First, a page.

A woman from our discussion group has asked us to have a conversation on “marriage privilege.” Here is her note:

I would love it if you would start a discussion on the marriage privilege. I am 100% for equal rights to the option of entering into marriage. But the idea of marriage as THE pinnacle of human relationships has come up repeatedly in discussions of GLBT rights. I want to support GLBT access to marriage, but I have a hard time with whole-hearted support when the cause is presented this way because I have a lot of questions about marriage as the ONLY legally and socially acceptable way to form a family. (I.e. GLBT is not the problem issue for me, it is marriage that is the problem issue.)

The woman then says that she is going through a divorce and she has been thinking about the privileges she will lose by not being married. She wonders if this is fair.

I find myself asking, why are there no other options to form care relationships? what are ways that singles and unmarried couples and whole communities can form valuable mutually caring relationships? and what kinds of policies and legal systems would support non-marriage caring as equally valid to marriage?

In all their rantings about “family values,” many churches have remained silent about certain parts of the Bible where it discusses marriage in ways that are inconsistent with church teaching. The fact that the Bible seems to treat women as property in some places, is treated as sacrosanct, but other more disturbing practices are simply ignored.

We do not truly love the Bible if we have to lie about what it says in order to defend it. We do not need to hide from the sexist origins of biblical marriage, but neither should we ignore the Bible’s clear call to outgrow our every immature understanding of what it says, and to grow more and more into universal love and into a commitment to justice for all people.

I believe one reason much of the church has been so reactive on gender issues is that they have no reality based notion of sexuality. When modern people translate words like “family” or “marriage,” we are projecting our modern meanings onto an ancient text that spoke very differently of marriage. Here are 5 things most churches will not tell you about biblical marriage:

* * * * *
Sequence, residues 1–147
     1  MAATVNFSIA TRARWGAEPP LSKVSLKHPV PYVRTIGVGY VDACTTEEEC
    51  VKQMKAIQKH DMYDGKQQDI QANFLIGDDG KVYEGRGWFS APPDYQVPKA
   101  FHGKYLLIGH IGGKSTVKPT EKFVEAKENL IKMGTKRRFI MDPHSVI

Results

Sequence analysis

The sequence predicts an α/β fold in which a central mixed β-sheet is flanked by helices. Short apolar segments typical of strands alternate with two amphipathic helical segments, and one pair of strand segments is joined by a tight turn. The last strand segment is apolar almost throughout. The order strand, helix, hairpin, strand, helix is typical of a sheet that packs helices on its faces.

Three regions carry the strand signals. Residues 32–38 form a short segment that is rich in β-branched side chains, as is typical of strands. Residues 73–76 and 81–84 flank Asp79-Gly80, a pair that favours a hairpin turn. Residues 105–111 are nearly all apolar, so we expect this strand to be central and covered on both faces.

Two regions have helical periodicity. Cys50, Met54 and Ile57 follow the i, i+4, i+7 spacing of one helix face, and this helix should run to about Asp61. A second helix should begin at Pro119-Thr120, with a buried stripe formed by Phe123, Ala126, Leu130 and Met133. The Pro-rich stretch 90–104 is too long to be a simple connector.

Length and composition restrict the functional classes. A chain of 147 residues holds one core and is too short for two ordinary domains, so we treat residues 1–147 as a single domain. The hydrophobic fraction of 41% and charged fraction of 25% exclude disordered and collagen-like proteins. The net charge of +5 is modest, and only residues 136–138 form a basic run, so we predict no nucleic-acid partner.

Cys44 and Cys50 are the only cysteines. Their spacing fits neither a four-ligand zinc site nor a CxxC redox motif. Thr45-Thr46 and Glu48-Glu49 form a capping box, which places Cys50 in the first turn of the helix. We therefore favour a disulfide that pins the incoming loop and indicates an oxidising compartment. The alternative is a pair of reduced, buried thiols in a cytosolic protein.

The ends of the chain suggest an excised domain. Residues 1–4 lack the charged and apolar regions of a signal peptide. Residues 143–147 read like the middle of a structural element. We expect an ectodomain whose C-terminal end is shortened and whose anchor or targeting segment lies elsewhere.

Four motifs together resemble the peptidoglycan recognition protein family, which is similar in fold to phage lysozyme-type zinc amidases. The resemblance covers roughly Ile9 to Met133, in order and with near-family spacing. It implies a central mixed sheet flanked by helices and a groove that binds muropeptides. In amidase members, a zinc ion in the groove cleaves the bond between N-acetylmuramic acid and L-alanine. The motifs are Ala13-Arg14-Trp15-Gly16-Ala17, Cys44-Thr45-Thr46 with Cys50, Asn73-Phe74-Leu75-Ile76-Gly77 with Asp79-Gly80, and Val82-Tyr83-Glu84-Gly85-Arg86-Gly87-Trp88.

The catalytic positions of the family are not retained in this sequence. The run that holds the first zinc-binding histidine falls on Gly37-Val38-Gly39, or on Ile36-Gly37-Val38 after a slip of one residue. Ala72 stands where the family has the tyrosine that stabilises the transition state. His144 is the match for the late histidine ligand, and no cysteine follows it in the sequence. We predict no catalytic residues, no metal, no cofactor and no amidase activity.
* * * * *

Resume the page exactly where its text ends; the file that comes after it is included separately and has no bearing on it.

1. Biblical marriage was based on a covenant between persons, not on the laws of the state nor the rules of the church.

2. Biblical marriage was based on a call to fullness of life. So, if a wife was unable to bear children, the man was sometimes encouraged by that wife to impregnate a servant so the family could have a child even if she could not. Obviously, I do not bring forward this practice to recommend it, only to show that such arrangements were not like our modern concepts of marriage.

3. Most churches simply ignore the fact that biblical marriages were often polygamous.

4. The Bible has nascent  ideas of gender equality that grow as the story unfolds. Some Rabbis interpreted the story of Adam’s rib as a symbol of equality, not that the man was to dominate the woman. We can certainly trace a literal affirmation of the misogynous cultures into which the scripture was spoken, but we can also hear a call to outgrow the dead skin of what the bible literally said, and to hear its call to fullness of life on this day. St. Paul said we should obey the spirit of the law not its letter. He said we are to grow beyond what he called “rules of flesh” like circumcision and celibacy, and to grow into the “fruits of spirit” which he listed as virtues like gentleness and fidelity.

5. The Bible understood the covenant of marriage as taking place in community. Marriage is not a moralistic rule for two individuals, but a sacrament meant to enrich the larger community.

So let the conversation begin. Feel free to disagree with what I have said. As always, my stance is the first word in the conversation, not the last